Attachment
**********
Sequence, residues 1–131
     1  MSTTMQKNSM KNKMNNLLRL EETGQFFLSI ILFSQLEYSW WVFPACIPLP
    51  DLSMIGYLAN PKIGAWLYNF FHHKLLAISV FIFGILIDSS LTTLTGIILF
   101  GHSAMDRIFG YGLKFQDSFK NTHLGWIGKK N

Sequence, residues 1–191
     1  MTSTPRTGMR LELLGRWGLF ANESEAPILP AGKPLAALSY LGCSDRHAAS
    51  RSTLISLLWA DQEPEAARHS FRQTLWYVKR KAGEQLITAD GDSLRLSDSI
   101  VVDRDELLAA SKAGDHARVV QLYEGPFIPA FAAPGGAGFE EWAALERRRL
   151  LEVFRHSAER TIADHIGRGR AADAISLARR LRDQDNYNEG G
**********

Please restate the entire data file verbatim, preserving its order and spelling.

Sequence, residues 1–131
     1  MSTTMQKNSM KNKMNNLLRL EETGQFFLSI ILFSQLEYSW WVFPACIPLP
    51  DLSMIGYLAN PKIGAWLYNF FHHKLLAISV FIFGILIDSS LTTLTGIILF
   101  GHSAMDRIFG YGLKFQDSFK NTHLGWIGKK N

Sequence, residues 1–191
     1  MTSTPRTGMR LELLGRWGLF ANESEAPILP AGKPLAALSY LGCSDRHAAS
    51  RSTLISLLWA DQEPEAARHS FRQTLWYVKR KAGEQLITAD GDSLRLSDSI
   101  VVDRDELLAA SKAGDHARVV QLYEGPFIPA FAAPGGAGFE EWAALERRRL
   151  LEVFRHSAER TIADHIGRGR AADAISLARR LRDQDNYNEG G